Medical schools raise alarm over declining interest in family medicine

Medical-school leaders are raising the alarm over their students’ declining interest in providing traditional cradle-to-grave primary care at a moment when the country is desperate for more family doctors.

Senior officials at four Ontario medical schools told a news conference on Tuesday that significant reforms, including raising pay and reducing administrative burdens, are necessary to persuade the physicians of tomorrow to choose family medicine over higher-paid specialties.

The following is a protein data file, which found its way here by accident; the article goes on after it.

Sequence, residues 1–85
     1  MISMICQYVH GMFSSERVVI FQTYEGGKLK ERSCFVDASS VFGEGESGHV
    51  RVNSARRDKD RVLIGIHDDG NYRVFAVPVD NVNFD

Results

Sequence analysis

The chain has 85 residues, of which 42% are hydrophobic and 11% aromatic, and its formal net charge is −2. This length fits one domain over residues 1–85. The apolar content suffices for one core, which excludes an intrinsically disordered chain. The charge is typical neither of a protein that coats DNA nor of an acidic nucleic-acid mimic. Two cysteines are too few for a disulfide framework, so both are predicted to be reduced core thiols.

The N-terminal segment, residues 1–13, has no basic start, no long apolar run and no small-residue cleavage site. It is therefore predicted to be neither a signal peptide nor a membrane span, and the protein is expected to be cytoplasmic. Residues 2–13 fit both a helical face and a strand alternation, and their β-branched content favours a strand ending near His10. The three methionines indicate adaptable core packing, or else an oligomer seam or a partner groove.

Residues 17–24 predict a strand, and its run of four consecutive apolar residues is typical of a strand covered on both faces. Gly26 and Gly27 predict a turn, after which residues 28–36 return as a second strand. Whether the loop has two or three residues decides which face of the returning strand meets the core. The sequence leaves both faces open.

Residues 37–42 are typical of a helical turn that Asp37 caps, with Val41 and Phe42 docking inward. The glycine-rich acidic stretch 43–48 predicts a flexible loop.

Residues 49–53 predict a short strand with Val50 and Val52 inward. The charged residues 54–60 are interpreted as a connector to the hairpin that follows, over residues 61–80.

“This is urgent,” said Azadeh Moaveni, director of undergraduate medical education in the department of family and community medicine at the University of Toronto. “We need to do something now so that students will pick family medicine as their career of choice.”

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